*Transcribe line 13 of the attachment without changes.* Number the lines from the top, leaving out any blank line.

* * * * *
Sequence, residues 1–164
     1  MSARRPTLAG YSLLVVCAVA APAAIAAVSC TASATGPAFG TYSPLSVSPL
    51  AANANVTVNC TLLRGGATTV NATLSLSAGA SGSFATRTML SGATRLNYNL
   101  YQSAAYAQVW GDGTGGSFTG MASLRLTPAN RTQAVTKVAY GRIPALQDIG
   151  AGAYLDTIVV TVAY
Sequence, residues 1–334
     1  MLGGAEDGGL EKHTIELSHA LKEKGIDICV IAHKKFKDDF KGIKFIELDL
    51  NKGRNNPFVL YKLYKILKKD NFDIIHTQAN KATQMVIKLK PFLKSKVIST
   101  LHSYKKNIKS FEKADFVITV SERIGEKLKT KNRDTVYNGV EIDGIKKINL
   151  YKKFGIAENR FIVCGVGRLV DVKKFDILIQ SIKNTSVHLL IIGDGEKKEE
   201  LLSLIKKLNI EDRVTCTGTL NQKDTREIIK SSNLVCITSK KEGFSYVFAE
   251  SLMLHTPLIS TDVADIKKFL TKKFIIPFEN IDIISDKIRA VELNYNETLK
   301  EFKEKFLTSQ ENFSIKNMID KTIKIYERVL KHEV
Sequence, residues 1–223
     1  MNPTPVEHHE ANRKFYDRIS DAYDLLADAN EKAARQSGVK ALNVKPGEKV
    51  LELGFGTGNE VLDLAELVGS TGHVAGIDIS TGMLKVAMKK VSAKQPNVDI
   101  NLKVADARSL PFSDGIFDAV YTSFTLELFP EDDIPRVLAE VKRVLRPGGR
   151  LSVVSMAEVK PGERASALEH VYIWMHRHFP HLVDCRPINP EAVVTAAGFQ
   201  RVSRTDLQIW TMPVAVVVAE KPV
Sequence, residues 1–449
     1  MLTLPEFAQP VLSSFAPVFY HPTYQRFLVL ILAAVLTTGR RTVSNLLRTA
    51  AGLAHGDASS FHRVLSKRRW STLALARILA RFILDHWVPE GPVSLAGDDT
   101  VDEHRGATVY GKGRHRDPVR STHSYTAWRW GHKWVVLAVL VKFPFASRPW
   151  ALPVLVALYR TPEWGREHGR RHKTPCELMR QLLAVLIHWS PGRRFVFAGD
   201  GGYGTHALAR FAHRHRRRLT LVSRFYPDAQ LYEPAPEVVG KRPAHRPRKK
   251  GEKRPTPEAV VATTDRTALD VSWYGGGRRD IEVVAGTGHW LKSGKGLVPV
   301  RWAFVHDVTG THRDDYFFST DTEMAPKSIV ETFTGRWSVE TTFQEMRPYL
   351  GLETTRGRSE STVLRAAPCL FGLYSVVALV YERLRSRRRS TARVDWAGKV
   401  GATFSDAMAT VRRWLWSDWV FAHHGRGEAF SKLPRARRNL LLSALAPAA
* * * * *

   301  EFKEKFLTSQ ENFSIKNMID KTIKIYERVL KHEV